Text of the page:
When you are searching for something on your Windows PC, Search Indexer is what makes the searching process faster and quicker. But it can be problematic when this service consumes a higher CPU and makes the entire computer sluggish.
While we cannot overlook the fact that the CPU usage may spike while rebuilding the index, this service should not consume CPU when the search process is not in operation. Ideally, it should only consume a few percent when using the search feature.
The service starts consuming higher CPU resources due to corrupted index databases and misconfigured lookup locations and indexing type. This article will guide you through different methods to solve when Windows Search Indexer has a high CPU consumption.
How to Fix Microsoft Windows Search Indexer Having High CPU Usage
Before you start with the fixes, please note that it is normal for the search indexer service to consume a high CPU if you have just rebuilt the index. You need to wait until the indexing is complete. Otherwise, you can tweak a few settings, like restarting the search service and reducing the lookup location to sort out the problem.
Disable or Restart Search Service
If your computer runs over an SSD, disabling the search service may not significantly impact your PC’s performance. This is because SSDs are robust enough to locate your files instantly. So, in such cases, it would be a good option to disable it. However, it is not recommended to disable the Search service on computers with HDDs.
- Hit Windows + R keys. It will open Run dialog box.
services.mscand then press Enter key to open Services application.
- In the Services window, scroll all the way down and locate Windows Search.
- Double-click over the service.
- Click Stop.
- Then from the Startup type drop-down, choose Disabled and click Apply > OK.
- Restart your PC.
If you use search feature regularly, you can proceed with a simple service restart rather than disabling it. A restart would fix the issue if the service consumed a high CPU due to halting or freezing. To restart the Windows search service, you should first disable it by following the same steps above.
- After disabling the search service and restarting the PC, again navigate to the Windows Search in Services application
- Now choose the Startup type to Automatic (Delayed Start).
- Click Start and Apply > OK.
- Restart PC to apply changes.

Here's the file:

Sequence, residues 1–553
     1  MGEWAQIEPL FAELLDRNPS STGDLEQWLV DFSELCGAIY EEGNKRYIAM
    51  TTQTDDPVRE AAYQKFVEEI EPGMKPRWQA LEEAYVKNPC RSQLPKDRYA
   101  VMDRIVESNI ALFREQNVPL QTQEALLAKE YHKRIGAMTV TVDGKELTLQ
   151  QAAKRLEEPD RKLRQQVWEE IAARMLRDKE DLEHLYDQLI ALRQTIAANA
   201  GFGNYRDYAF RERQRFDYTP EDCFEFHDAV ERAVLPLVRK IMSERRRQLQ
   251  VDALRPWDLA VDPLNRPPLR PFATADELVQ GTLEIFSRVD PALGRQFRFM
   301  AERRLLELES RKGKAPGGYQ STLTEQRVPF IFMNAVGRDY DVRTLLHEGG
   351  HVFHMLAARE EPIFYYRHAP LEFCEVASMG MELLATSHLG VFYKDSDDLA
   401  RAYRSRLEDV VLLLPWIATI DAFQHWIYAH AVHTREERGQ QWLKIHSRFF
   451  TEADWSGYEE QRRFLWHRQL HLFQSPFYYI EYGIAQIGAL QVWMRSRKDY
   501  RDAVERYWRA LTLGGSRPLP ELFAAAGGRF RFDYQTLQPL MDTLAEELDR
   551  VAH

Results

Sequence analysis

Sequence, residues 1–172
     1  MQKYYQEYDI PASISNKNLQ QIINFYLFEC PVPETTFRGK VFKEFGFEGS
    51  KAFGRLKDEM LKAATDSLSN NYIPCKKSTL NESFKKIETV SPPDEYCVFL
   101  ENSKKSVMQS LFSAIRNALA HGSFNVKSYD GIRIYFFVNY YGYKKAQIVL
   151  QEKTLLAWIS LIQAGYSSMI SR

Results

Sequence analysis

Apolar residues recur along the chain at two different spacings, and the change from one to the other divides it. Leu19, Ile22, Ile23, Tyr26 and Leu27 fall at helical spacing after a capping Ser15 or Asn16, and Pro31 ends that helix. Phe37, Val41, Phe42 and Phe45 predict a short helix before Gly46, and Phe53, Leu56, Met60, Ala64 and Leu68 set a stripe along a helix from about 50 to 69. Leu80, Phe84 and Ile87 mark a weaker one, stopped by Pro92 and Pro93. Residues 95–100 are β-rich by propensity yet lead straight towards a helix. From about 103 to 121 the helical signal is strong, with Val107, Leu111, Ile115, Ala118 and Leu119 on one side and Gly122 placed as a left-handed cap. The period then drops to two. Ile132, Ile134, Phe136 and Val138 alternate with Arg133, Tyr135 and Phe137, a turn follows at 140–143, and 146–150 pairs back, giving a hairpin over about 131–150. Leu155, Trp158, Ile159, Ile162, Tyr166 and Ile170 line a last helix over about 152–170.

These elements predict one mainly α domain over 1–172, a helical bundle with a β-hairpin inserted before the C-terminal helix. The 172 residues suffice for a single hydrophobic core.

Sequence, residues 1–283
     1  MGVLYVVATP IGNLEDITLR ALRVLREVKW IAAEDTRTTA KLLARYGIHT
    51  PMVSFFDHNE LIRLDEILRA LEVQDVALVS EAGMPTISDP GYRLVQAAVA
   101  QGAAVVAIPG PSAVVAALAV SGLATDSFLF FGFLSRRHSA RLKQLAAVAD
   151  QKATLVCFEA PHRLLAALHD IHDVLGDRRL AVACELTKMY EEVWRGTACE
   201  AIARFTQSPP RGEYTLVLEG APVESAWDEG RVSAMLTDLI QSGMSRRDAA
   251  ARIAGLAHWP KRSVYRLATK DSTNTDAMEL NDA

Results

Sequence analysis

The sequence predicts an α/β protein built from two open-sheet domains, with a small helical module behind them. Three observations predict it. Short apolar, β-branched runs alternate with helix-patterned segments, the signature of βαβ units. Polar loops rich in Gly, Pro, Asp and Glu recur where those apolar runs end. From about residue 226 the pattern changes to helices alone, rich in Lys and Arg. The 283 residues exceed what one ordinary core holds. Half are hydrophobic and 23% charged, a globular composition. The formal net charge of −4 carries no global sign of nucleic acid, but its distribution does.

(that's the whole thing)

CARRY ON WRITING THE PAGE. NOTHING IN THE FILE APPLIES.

Run Troubleshooting Tool
Next, there is a troubleshooting tool integrated into Windows itself that helps to diagnose and troubleshoot if there is any error with the Searching and Indexing feature. You can run the tool and act accordingly as per the diagnostic results.
- Hit Windows + I keys on keyboard.
- Click Update & Security menu and choose Troubleshoot.
- Click Additional troubleshooters.
- Choose Searching and Indexing.
- Then click the Run the troubleshooter button.
- Wait for the result and follow on-screen instructions to resolve the error.
Reduce Lookup Location For Indexing
If the indexing settings are set such that it needs to look up in a wide range of locations for searching a file, it can consume a considerable amount of time. For instance, if you frequently search for files located in Local Disk (C:), you can adjust the settings so that Windows will search only for disk C.
- Launch Control Panel on your PC. To launch it, hit Windows + R. Then type
controland press Enter key.
- Now in the search box of control panel, type Indexing Options. Open it from the search results.
- In the new Indexing Options window, click Modify.
- Select the desired location from where you want the search results and click OK.
- Moreover, if you don’t want a particular disk to be indexed in search results, you can also easily do it.
- Open This PC.
- Right-click over the desired disk and choose Properties from the context menu.
- Jump to the General tab in the Properties window.
- Then uncheck Allow files on this drive to have contents indexed in addition to file properties option.
- Click Apply > OK.
Change Indexing Type
Windows can basically perform two types of indexing. The first one is indexing based on file properties only, and the second is indexing based on file properties and contents.
With the latter option, CPU consumption can suddenly spike as it begins to search for the contents of the file too. Many of us search with a filename rather than content, so it would be helpful if you disable content indexing.
- Follow steps up to step 2 from the above method to open Indexing Options window.
- After that, click Advanced button.
- Jump to File Types tab.
- Check the box next to Index Properties Only.
- Click OK and save changes.
Recreate Search Database
Windows utilizes a database file, namely
Windows.edb, to store indexing information, specifically for content indexing. However, when the database size goes on increasing, chances are there that it might get corrupted. As a result, search features can not locate the files and begin consuming higher CPU. Therefore, deleting the old index database and recreating it can help solve the problem.
- Hit Windows + E and then open This PC.
- Open Local Disk (C:).
- Click View > Hidden items.
- Then navigate to this location:
Windows.edbfile and delete it permanently.
- Now, it’s time to recreate the index.
- Open Indexing Options.
- Click Advanced.
- Choose Rebuild.
- Click OK in the confirmation popup. It will take a while to recreate the database. You may see high CPU usage this time. But no worries, once the indexing is completed, CPU consumption will get back to normal.